A Comparative Study of Financial Incentives in the Irish and Canadian Film and Gaming Industries
Trinity College Dublin
(at time of presentation)
I trained as a solicitor and tax advisor and worked for a decade in property and tax law. Then I broadened my academic background by studying film to postgraduate level, completing an M.A. in Screen Studies. Goldsmiths, University of London and an M.Litt in Trinity College Dublin on the work of director Ang Lee.
Traditionally the film industry and the gaming industry (by which I mean broadly computer games) have very little in common. Both industries are very different in both their method of production and output. However, cross over between these industries should be encouraged. I look at the different approaches to film and gaming finance in two very different jurisdictions to explore how and why these industries could become bedfellows.
The film industry in Ireland is primarily driven by an investor driven tax relief known as Section 481. It is being phased out and will be replaced by a tax credit system in 2016. As an incentive, it emphasises the nebulous concept of cultural value through a (admittedly broad) cultural test. In contrast, the gaming industry in Ireland doesn’t have specific investor reliefs or tax credit systems. Instead it relies on general research and development tax credits.
In Canada, film finance works on a tax credit system similar to that to be introduced in Ireland in 2016. However, the gaming industry in Canada works in a significantly different way. Canada offers generous tax incentives for what is termed SD&ER (scientific development and experimental research) in companies that advance science or technology in the gaming industry. These areas cross over in the Canada Media Fund (CMF) which ‘fosters, develops, finances and promotes the production of Canadian content and applications for all audio-visual media platforms’ (from CMF website).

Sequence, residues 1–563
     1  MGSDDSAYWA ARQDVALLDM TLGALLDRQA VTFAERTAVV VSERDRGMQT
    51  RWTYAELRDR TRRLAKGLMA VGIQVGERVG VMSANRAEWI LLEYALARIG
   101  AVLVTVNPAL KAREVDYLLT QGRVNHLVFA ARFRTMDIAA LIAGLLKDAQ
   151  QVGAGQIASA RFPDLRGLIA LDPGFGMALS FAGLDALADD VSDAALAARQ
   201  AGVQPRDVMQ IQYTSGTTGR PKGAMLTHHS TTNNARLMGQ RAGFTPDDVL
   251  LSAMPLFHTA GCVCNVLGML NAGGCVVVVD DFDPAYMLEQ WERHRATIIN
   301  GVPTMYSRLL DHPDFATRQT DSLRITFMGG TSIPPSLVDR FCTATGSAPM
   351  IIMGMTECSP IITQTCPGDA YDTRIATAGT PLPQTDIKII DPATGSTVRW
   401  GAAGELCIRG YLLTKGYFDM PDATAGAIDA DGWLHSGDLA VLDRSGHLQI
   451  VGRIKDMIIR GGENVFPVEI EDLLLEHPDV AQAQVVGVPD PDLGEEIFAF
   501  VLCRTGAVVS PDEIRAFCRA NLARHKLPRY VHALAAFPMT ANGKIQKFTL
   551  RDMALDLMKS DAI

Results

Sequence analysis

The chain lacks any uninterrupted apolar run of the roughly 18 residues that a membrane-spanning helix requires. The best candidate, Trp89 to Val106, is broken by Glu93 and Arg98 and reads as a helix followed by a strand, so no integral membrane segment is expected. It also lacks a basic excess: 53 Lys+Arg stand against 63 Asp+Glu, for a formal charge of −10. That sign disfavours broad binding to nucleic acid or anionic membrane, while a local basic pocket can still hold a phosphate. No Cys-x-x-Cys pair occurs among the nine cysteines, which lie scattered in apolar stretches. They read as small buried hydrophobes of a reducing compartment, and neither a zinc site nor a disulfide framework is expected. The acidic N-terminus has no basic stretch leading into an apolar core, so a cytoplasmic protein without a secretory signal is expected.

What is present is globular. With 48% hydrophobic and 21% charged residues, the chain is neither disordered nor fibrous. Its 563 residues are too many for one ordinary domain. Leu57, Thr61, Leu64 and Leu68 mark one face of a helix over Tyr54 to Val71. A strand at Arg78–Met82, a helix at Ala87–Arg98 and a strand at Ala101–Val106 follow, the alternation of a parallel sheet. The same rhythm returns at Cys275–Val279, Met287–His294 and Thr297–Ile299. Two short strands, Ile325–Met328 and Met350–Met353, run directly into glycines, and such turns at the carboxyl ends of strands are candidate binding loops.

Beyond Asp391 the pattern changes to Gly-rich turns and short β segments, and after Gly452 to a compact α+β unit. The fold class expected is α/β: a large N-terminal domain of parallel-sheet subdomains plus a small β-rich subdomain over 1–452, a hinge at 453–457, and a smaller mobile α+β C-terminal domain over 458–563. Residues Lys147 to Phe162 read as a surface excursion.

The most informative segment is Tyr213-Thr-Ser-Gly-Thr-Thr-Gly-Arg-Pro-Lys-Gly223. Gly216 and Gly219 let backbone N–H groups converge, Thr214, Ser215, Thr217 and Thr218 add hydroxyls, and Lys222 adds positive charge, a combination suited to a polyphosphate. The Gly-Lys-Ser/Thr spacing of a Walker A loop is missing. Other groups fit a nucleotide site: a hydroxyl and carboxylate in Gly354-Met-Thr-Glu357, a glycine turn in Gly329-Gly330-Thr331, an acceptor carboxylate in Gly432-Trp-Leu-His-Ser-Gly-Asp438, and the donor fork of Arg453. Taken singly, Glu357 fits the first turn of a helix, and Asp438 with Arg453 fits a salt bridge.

This comparative approach highlights the fundamental issue of understanding of computer games whether it is an industrial product which comes within scientific R&D or whether it is a cultural product. The gaming industry in Ireland is reluctant to move away from R&D type incentives towards any incentive that may require a cultural test such as that within the film industry.
However, I believe that within Ireland both the film industry and gaming industry could work in a more symbiotic way which reflects the interconnectedness of these areas. My approach examines the different approaches to film and gaming incentives in two different jurisdictions. This approach is informed by my background as a solicitor and tax advisor, but is not limited to taxation policy only. Through my M.A. in Screen Studies (Goldsmiths) and my M. Litt in Film Studies (on Ang Lee) my approach is informed by theories within cultural studies.